The Capital Pride Alliance kicked off its annual weekend of Pride celebrations with the Capital Pride Heroes Gala, honoring people who have made significant contributions benefitting the larger LGBTQ community.
“Our theme this year is about the ‘Elements of Us,’ and we’re going to continue to celebrate the elements of us as we continue through this weekend, and the rest of this month,” Capital Pride Alliance Board of Directors President Ashley Smith told a crowd of about 100 people gathered on the multi-layered roof deck of 880 P, a local condominium.
“We’re really excited to kick off this year’s Pride. We have a couple of surprises,” added Smith. “I know people are saying, ‘Oh, it’s supposed to rain.’ but we’re going to to be out here, rain, sleet, snow, or shine, because we are a great community!”
Earning Pride Heroes awards were Gregory Cendana, the president and co-founder of Can’t Stop! Won’ Stop!, a consulting firm that works on progressive solutions to political issues important to people of color, Jesse Garcia, an Obama appointee to the U.S. Department of Health and Human Services’ Administration of Children and Families who has advocated on behalf of LGBTQ rights and immigration reform.
Others being honored include Patrick Grady, a former Mr. Double L Leather and member of the Centaur Motorcycle Club who has been involved in leading Scarlett’s Bake Sale and other charitable events; Jorge Hernandez, a female impersonator and club promotor also known as Sylvanna Duvel, who held the title of Miss Centro America, and has been involved with Youth Pride, LULAC and the Latino History Project; and Samantha Master, a writer, organizer, and co-organizer of the DMV Black Mama’s Day Bail Out.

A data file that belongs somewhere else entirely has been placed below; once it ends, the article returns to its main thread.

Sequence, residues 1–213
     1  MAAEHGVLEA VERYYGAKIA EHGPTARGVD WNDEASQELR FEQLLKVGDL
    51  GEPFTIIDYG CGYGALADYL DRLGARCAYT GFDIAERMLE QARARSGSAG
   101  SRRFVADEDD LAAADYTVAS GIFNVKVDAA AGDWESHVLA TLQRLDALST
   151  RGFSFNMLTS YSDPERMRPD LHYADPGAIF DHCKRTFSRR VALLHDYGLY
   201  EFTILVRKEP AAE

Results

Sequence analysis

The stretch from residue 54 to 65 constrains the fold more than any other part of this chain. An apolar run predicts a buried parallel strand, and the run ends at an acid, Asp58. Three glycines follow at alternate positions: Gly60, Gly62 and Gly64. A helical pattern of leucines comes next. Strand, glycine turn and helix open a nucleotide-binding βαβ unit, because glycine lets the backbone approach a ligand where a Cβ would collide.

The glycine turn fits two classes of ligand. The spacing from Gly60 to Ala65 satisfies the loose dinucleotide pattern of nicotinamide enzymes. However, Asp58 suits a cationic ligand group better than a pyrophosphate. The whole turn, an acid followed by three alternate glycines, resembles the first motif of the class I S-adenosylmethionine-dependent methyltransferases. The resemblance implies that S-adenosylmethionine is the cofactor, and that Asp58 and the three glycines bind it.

Earning Engendered Spirit awards for their work on behalf of the transgender and gender non-binary communities were Karen Kendra Holmes and Linda Roberts. Pixie Windsor of Miss Pixie’s boutique was awarded the Larry Stansbury Award for exemplary contributions to Pride, while Bianca Humady Rey, the producer of Capital Trans Pride, was honored with the Bill Miles Award for outstanding contributions to the execution and celebration of Pride in the nation’s capital.
Ryan Bos, the executive director of Capital Pride, said he was looking forward to the weekend’s celebration. Alluding to some of the criticism that Capital Pride has received for everything from accepting corporate sponsorships to the diversity of its board, Bos said that people need to be respectful of the diversity of thought and opinion surrounding Pride.
Bos also said it was okay for people to object to the way Pride is run or the nature of some of its events, but detractors need to be able to acknowledge and respect that others may disagree with them or want participate in particular events.
Rachel Gleischman, a board member of Capital Pride Alliance, urged attendees to take pride in living in an LGBTQ-affirming city like D.C., where they can enjoy opportunities that other LGBTQ people may not have available to them. She recounted how she had gone online looking for a meme for Pride, only to find disparaging memes or vitriolic comments by people with anti-gay views.
“What makes them so hate-filled? It’s our joy. That’s what they’re afraid of,” Gleischman said. “Because when you’re joyful, it means you feel safe, it means you feel comfortable, it means you don’t feel on the margins of life. I am really proud to be a board member of Capital Pride because we are an organization that creates space for joy in this community. I love living in D.C., because people who live in D.C. are engaged and fundamentally care. It’s awesome to live in a place like that.”